Susan Goldsworthy and Walter McFarland have seen too many organizations take a reactive approach to change. This is the equivalent of deciding to buy an umbrella in the middle of a downpour. The co-authors of Choosing Change: How Leaders and Organizations Drive Results One Person at a Time suggest that the path to creating an organization that is proactive about change begins with a change-focused leader. In a
recent interview with Soundview, Goldsworthy and McFarland discussed.
Soundview: You write in Choosing Change that in today's business world, change readiness seems to most often occur at a certain point. What point is it?
Susan Goldsworthy: What we find in both individual change and organizational change is that it often requires some sort of disruptive event, some sort of major external activity in order to force change. Change becomes reactive as opposed to the individual or the organization being
proactive and embracing change.
Soundview: Tell us about the connection between leaders and organizations as it applies to change.
Walter McFarland: The connection between leaders and organizations came from discussions and life experiences Susan and I have had around why is it so difficult to change a person or an organization. As we played through that a bit, the connection became more and more clear. We
thought that the missing piece, for us, was the lack of leadership. (It is) the lack of leadership in changing yourself, the lack of leadership in changing an organization. The first step in performing change better is leading it better.
We also thought that change unfolds in the individual and the organization in some similar ways but in some different ways as well. In seeking to catch that nuance of how change unfolds in similar and dissimilar ways in organizations, Susan came up with the idea of the Five D framework (Disruption,
Desire, Discipline, Determination and Development).
Soundview: You discuss the need to sharpen the ability to determine which events are within your circle of control and which are within your circle of influence. How do people improve their ability to determine the difference?
Goldsworthy: There are three circles: the circle of control, the circle of influence and the circle of concern. What we find is that what's actually in your circle of control is very little. Most of your life is going to be what's in your circle of influence. Purely in your circle
of control are very basic things like what are you going to wear today. Most activities, especially when they involve other people, are in the circle of influence.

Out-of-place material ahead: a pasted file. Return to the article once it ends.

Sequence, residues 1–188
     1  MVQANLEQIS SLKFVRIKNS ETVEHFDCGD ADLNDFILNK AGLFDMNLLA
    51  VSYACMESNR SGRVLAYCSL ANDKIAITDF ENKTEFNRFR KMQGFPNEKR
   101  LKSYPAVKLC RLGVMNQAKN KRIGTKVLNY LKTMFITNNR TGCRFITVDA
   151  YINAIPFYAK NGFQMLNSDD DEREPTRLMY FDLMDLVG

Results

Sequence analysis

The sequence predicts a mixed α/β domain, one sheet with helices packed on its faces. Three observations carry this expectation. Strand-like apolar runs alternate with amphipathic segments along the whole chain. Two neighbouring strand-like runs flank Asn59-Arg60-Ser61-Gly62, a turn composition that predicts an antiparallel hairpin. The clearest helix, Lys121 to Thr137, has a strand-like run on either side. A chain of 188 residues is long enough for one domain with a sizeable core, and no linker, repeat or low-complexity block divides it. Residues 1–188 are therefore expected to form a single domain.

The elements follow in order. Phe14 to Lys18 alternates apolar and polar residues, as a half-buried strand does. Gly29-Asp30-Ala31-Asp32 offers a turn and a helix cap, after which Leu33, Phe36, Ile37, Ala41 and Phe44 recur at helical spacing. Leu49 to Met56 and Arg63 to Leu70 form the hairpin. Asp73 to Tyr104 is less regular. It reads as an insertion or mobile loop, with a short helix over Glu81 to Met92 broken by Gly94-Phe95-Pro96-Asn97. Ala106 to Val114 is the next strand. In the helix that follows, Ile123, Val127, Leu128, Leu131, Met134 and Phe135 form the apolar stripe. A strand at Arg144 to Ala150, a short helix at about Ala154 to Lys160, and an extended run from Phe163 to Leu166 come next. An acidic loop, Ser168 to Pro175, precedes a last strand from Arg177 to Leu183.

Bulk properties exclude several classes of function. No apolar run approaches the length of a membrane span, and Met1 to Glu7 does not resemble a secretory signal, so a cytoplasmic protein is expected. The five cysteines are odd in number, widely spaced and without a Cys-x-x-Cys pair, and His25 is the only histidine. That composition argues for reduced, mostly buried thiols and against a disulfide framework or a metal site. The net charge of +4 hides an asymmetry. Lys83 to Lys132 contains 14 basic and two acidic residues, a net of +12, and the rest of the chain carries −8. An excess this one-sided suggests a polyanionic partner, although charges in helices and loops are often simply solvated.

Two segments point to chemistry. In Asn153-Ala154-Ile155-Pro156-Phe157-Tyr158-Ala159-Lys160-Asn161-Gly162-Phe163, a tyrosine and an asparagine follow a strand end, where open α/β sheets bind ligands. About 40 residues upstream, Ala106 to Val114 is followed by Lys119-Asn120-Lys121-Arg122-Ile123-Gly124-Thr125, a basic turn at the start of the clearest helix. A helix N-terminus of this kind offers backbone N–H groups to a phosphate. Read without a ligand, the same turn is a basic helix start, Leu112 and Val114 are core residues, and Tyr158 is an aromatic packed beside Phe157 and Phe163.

What happens, especially in change and in organizations, is that people get caught up with items that are in their circle of concern. Let's say I get to the airport and my flight is delayed, and I'm very frustrated and angry. Immediately, a whole bunch of chemicals are going to be released into my
system by my brain if I'm angry. My amygdala gets hijacked and causes all adrenaline to be released into my system. This causes me to start acting frustrated and angry to the people around me.
The question becomes is that going to help? This is where the conscious choice has to come in and say, "Can I actually do anything about this situation? Is it in my circle of influence, my circle of control or my circle of concern?" Now clearly, it doesn't matter how upset I am, [the airline] is
not going to bring the plane forward because Susan's upset. It's not going to happen. So it's better to go, "OK, I can't do anything about this. What can I do with the extra couple of hours that I've got? What are my choices?" Therefore, you embrace this choice to look at the benefits that you can
gain from something that doesn't go according to plan. It's this conscious choice of interrupting your thought process and choosing a different path.
Soundview: You write, "Competitive disruptions can foster a false need for urgency." What can be done to combat the need for urgency?
McFarland: If we think about the context of publicly held organizations, they have to make their numbers every 90 days. So when we come along and talk about doing things in a more thoughtful, considered way, the question becomes "How?" There has to be a moment and where the choice
comes in this context is when senior leadership of an organization decides that they're going to think about and practice change differently. They're going to review the ability to do change better as an institution as a source of sustainable competitive advantage. It's better than a competitive
advantage. It's almost impossible for their competing organizations to replicate.
So in the case of a 90-day cycle where there's a competitive disruption and action has to happen, there may be two choices made: One is what are the short-term business-related actions that we have to take to survive? I'm suggesting that simultaneously, while we're doing these things, how do we
cherry pick other longer-term actions that along the way, as we begin to think about change differently, as we begin to get through this first disruption, build increasing capabilities for the next one. Once through it, we don't stop building internal capability for change while waiting for the
next shakeup. We continue building that capability with an idea of elevating the institution over time.